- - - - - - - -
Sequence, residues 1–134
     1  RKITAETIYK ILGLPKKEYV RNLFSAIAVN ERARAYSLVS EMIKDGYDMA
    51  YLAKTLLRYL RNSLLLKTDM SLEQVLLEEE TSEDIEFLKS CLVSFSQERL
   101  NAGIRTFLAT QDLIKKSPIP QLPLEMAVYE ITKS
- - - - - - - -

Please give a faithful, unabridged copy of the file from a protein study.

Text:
Sequence, residues 1–134
     1  RKITAETIYK ILGLPKKEYV RNLFSAIAVN ERARAYSLVS EMIKDGYDMA
    51  YLAKTLLRYL RNSLLLKTDM SLEQVLLEEE TSEDIEFLKS CLVSFSQERL
   101  NAGIRTFLAT QDLIKKSPIP QLPLEMAVYE ITKS